By: Tina Bryson
SALYERSVILLE, Ky. – Water into Wine Food Pantry is the only pantry serving the residents of Magoffin County, Kentucky. Their caseload has exploded in recent months due to the fallout from COVID-19. Their partnership with Christian Appalachian Project’s Operation Sharing has enabled them to continue to meet the growing need.
“We recently surpassed our all-time record of the number of families we have served in a month, with April being our largest ever at 1180 families served,” said Jeff Tackett, Water into Wine’s community outreach and mission coordinator. “In May, so far, we have added 158 new families on our caseload. We now offer full curbside service, where clients remain in their vehicles while food is loaded into the trunk or truck. This keeps our clients and volunteers safe.”
Water into Wine has been a partner organization with CAP since 2017. During the COVID crisis, CAP has been able to provide 2,500 cases of chips and 43,000 pounds of salisbury and country steak to help fill food boxes for families in need.
“We are grateful for the partners we have like Feed the Children that make these kinds of donations possible,” said Aaron Thoms, manager of CAP’s Operation Sharing warehouse in Paintsville, Kentucky. “Feed the Children works to make sure that children and their families have the food they need. It is a great model for how we all work together to fill gaps for families whose lives have been turned upside down.”
According to Tackett, they have received other donations from CAP’s Operation Sharing that have originated with Feed the Children such as baby food, protein drinks, household items, clothing, and shoes. When shipments arrive, Tackett coordinates a team of volunteers at Lakefront Church of God to make sure that their own network reaches areas of the community facing critical shortages.
“Without these partnerships with Christian Appalachian Project and Feed the Children, we would have a massive hole that would engulf our county leaving many families without the essential items they need during this crisis,” Tackett said. “Every item fills a need. Every morsel goes into an empty stomach. Each jar of baby food helps quieten the cries of a hungry child. Sometimes our donors don’t see the effects of their efforts, but we see the difference these donations make.”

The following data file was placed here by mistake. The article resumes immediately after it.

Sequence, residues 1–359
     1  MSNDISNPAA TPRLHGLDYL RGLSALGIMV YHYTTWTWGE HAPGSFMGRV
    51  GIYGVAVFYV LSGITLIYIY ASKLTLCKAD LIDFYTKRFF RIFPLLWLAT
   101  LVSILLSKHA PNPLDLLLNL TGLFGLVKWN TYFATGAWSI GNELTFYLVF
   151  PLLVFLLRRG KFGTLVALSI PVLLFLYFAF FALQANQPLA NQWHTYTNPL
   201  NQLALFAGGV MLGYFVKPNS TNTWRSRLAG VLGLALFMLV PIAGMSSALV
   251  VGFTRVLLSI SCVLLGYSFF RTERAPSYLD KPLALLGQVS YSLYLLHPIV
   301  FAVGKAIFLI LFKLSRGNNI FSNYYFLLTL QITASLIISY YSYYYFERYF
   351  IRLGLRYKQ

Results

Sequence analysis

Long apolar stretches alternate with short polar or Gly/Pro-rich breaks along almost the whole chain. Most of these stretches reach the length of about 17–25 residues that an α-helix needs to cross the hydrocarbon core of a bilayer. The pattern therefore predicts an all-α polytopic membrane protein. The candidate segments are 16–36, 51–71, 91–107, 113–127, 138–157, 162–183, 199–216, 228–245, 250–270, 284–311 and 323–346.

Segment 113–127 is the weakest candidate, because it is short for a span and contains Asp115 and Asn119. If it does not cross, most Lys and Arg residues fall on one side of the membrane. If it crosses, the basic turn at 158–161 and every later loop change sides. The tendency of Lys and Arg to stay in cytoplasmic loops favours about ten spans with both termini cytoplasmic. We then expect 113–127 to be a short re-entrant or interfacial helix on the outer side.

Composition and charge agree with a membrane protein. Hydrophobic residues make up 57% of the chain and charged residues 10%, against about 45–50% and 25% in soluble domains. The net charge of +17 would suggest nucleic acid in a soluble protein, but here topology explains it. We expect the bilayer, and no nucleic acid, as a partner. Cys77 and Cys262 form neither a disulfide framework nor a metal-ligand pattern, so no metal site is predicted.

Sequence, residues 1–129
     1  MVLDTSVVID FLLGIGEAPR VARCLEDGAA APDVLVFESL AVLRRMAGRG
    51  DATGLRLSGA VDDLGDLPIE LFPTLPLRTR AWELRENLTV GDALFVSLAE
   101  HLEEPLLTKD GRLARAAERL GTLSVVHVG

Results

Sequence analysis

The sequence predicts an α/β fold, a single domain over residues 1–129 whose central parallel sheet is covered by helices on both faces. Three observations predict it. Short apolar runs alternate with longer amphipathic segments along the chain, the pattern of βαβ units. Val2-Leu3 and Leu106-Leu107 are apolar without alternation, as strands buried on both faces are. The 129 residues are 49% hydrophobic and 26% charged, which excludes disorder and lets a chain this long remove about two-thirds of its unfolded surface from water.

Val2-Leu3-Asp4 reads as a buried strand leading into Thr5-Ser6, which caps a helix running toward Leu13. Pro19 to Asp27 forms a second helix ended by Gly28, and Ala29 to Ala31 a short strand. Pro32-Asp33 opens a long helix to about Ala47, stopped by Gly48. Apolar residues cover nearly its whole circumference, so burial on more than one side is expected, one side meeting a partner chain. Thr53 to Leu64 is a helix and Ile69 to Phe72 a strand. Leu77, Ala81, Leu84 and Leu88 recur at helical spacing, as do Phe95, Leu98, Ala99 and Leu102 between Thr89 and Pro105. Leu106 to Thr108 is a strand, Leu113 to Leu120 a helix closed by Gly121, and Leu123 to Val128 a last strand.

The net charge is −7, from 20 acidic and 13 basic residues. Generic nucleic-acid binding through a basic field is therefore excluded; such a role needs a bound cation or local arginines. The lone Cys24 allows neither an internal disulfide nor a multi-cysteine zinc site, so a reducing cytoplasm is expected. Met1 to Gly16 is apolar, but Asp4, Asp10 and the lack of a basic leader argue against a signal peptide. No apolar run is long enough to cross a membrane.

Thoms and his staff make sure that pantry partners like Water into Wine get meats and other food items to meet increasing needs in the community.
“They have had more than a 35 percent increase in people needing assistance. Where they would usually serve around 800 a month, they are serving over 1,000. That’s a huge increase all at once,” Thoms said. “We do our best to make sure that they can serve children and families who need supplemental food since the health crisis has had such an impact on the economy.”
Tackett works with the local school system to make sure daily school lunches delivered to children at home have needed items. Water into Wine has also assisted with helping to stock and replenish supplies at the local senior citizen center where the Meals on Wheels program delivers to needy seniors in the county that are often homebound.
“When we receive large amounts of food, it is our goal to fill the cars in the pantry drive thru line, and look at other agencies in the county that serve people in need that can help with distribution,” Tackett said. “We know the needs of our community are great, and with men and women no longer able to travel miles to the factories, we know that hard times are made more difficult. CAP and Feed the Children remind us that we are not alone. We will get through this together.”